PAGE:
Background: Supervised exercise (SE) is widely accepted as an effective therapy for intermittent claudication (IC), but its use is limited by cost. Unsupervised exercise (UE) represents a less costly alternative. We assessed the comparative effectiveness of SE vs UE in patients with IC.
Methods and results: We searched PubMed, EMBASE, and the Cochrane Database of Systematic Reviews and identified 27 unique studies (24 randomized controlled trials, 4 observational studies) that evaluated the comparative effectiveness of SE vs UE in 2074 patients with IC. Compared with UE, SE was associated with a moderate improvement in maximal walking distance at 6 months (effect size 0.77, 95% CI 0.36-1.17, P < .001) and 12 months (effect size 0.56, 95% CI 0.34-0.77, P < .001). Supervised exercise also improved claudication distance to a moderate extent compared with UE at 6 months (effect size 0.63, 95% CI 0.40-0.85, P < .001) and 12 months (effect size 0.41, 95% CI 0.18-0.65, P = .001). There was no difference in the Short Form-36 quality of life at 6 months (effect size -0.05, 95% CI -0.50 to 0.41, P = .84) or walking impairment questionnaire distance (effect size 0.24, 95% CI -0.03 to 0.50, P = .08) or speed (effect size 0.26, 95% CI -0.06 to 0.59, P = .11).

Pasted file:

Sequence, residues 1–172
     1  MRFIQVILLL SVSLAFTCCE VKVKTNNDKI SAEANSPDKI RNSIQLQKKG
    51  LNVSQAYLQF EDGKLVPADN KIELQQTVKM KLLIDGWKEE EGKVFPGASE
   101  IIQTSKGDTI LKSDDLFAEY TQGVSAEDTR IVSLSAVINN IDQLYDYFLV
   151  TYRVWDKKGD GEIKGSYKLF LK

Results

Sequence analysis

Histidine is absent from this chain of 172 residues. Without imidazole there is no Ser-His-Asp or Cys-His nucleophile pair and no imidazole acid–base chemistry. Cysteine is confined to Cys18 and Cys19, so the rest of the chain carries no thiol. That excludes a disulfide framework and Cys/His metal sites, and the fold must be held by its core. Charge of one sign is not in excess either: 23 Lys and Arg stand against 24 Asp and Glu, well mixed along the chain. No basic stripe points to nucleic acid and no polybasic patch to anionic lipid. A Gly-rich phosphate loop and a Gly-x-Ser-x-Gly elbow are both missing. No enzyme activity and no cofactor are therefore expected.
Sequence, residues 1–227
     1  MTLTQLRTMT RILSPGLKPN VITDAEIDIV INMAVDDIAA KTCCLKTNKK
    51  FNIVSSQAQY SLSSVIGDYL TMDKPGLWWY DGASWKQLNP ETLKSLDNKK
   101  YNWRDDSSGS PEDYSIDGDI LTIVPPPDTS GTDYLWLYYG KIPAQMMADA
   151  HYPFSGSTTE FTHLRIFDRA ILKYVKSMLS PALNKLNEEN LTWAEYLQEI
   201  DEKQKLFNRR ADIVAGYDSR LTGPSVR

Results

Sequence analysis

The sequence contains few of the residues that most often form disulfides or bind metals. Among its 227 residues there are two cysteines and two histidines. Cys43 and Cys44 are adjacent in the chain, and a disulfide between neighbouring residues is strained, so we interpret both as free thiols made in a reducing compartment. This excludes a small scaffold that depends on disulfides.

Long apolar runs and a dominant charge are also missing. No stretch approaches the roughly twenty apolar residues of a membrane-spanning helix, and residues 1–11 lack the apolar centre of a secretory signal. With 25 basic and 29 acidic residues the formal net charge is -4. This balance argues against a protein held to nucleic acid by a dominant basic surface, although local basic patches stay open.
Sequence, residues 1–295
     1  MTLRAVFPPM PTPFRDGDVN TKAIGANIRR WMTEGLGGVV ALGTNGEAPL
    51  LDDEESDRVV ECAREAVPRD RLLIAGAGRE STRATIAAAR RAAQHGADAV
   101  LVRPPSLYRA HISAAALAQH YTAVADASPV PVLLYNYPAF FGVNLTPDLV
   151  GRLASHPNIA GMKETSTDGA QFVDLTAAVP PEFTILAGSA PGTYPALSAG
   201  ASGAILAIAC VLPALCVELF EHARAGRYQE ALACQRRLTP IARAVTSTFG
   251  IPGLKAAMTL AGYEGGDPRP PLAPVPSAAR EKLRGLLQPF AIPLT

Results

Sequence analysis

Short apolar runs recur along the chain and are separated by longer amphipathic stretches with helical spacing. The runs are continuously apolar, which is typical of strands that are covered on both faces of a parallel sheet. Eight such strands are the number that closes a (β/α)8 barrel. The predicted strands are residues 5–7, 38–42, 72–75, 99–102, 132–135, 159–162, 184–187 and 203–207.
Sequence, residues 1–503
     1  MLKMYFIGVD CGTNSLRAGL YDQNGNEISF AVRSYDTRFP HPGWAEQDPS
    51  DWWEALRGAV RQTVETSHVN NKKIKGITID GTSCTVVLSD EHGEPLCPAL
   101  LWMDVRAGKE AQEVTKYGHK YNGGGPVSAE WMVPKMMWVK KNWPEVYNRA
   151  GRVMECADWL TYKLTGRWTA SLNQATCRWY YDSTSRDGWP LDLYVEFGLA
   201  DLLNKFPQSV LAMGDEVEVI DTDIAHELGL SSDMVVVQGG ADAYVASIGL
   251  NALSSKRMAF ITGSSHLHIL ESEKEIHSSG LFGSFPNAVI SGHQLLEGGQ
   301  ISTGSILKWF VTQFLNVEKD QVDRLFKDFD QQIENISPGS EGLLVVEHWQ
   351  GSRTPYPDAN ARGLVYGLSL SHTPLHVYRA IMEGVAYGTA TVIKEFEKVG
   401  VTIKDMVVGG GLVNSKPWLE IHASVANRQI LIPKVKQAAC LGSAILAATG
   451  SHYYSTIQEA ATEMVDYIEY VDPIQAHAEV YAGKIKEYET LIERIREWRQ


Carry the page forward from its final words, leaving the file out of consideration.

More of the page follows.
Conclusions: In claudication patients, SE is more effective than UE at improving maximal walking and claudication distances, yet there is no difference in general quality of life or patient-reported community-based walking. Further studies are needed to investigate the relationship between functional gain and disease-specific quality of life.
Copyright © 2015 Elsevier Inc. All rights reserved.